what's the difference between gluten free beer and gluten removed or gluten reduced beer?
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Earlier this month fitness-oriented Sufferfest Beer Company made history when it became the first acquisition in Sierra Nevada Brewing Company’s nearly 40-year history. Why would the third largest craft brewery in the United States have any interest in a little known contract brewer (though Sufferfest is based in San Francisco, its beers are produced over 1000 miles away at the Sleeping Giant Brewery in Denver)? Sufferfest happens to be one of a growing number of breweries focused on the production of gluten-removed beers, a reflection of the ever-popular gluten-free movement.

Beer is comprised of four core components: hops, yeast, water, and grain. As for that last category, the two most widely used options—malted barley and wheat—are chock full of gluten. However, if you want (or need) to go the gluten-free beer route, there are plenty of options that are brewed with ingredients that naturally don’t contain any gluten such as millet, sorghum, and buckwheat (which, despite its name, is not related to wheat).

New Belgium Glutiny Pale Ale on Drizly (price varies)

A gluten-reduced beer from a major producer.
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Gluten-removed beers, however, take full advantage of malted barley and wheat. That’s possible thanks to Brewers Clarex, an enzyme which is added at the start of regular fermentation and proceeds to break down the gluten that crosses its path. The process keeps the flavor imparted by the grains intact while ensuring the gluten level in the beer falls below 20 parts per million (ppm), which meets the United States Food and Drug Administration standard of gluten-free. Sierra Nevada isn’t the only notable brewery to jump on the gluten-removed bandwagon. Stone and New Belgium have released gluten-removed options while Craft Brew Alliance, which is partially owned by Anheuser-Busch InBev, counts the gluten-removed exclusive Omission Beer as part of their portfolio.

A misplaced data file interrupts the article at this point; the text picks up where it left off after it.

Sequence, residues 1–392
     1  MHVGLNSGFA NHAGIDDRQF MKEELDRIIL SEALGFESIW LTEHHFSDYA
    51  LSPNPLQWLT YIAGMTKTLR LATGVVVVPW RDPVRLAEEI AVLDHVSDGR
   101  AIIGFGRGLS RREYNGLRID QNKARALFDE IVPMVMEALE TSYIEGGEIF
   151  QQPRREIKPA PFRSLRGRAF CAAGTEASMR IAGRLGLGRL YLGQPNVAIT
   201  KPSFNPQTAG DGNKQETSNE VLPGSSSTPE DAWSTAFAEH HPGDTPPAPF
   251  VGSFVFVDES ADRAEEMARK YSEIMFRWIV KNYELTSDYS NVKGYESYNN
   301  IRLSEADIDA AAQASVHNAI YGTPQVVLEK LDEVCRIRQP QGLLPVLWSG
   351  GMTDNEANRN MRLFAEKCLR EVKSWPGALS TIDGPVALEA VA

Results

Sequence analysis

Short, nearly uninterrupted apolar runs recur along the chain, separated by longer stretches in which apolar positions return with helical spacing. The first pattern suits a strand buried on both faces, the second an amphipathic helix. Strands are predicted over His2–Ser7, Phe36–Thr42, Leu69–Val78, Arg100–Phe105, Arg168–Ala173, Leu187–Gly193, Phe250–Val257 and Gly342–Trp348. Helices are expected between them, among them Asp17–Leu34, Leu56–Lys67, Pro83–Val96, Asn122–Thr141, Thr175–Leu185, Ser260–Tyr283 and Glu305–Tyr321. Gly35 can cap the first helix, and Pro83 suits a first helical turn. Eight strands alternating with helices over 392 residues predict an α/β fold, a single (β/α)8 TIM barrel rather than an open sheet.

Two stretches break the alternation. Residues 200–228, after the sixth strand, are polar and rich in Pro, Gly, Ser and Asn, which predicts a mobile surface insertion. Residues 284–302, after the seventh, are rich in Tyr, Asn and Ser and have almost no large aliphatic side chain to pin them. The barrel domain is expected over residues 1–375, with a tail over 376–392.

Omission IPA on Drizly (price varies)

Another gluten-removed (or gluten-reduced) option to consider.
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While they are often billed as such, gluten-removed beers are not legally considered gluten-free. Despite the fact that gluten-removed beers technically satisfy the FDA’s gluten-free standard as far as levels of gluten detected, because they are brewed with ingredients which initially contained levels of gluten above that threshold, they cannot officially be designated as gluten-free. There have so far been few scientific tests on the effects of removing gluten from beer and a recent research study conducted by the Gluten Intolerant Group concluded that the process does not ensure safe drinking for those who suffer from celiac disease.

If you don’t want to take that risk, only drink beers that are marked as “gluten-free” on the label; or if you’re having a gluten-free pint on draft, be sure to double-check with your bartender or do some research online to make sure that it is not actually gluten-reduced. Though gluten-free beers have carried a negative stigma in the past, breweries such as Ground Breaker—which produces a wide variety of innovative gluten-free offerings such as an imperial dark ale brewed with lentils and chestnuts—have helped change that perception.

Ground Breaker Dark Ale on Drizly (price varies)

Naturally gluten-free and safe for celiac drinkers.
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For beer drinkers who are able to consume gluten but would prefer not to, going the gluten-removed route is a great option.

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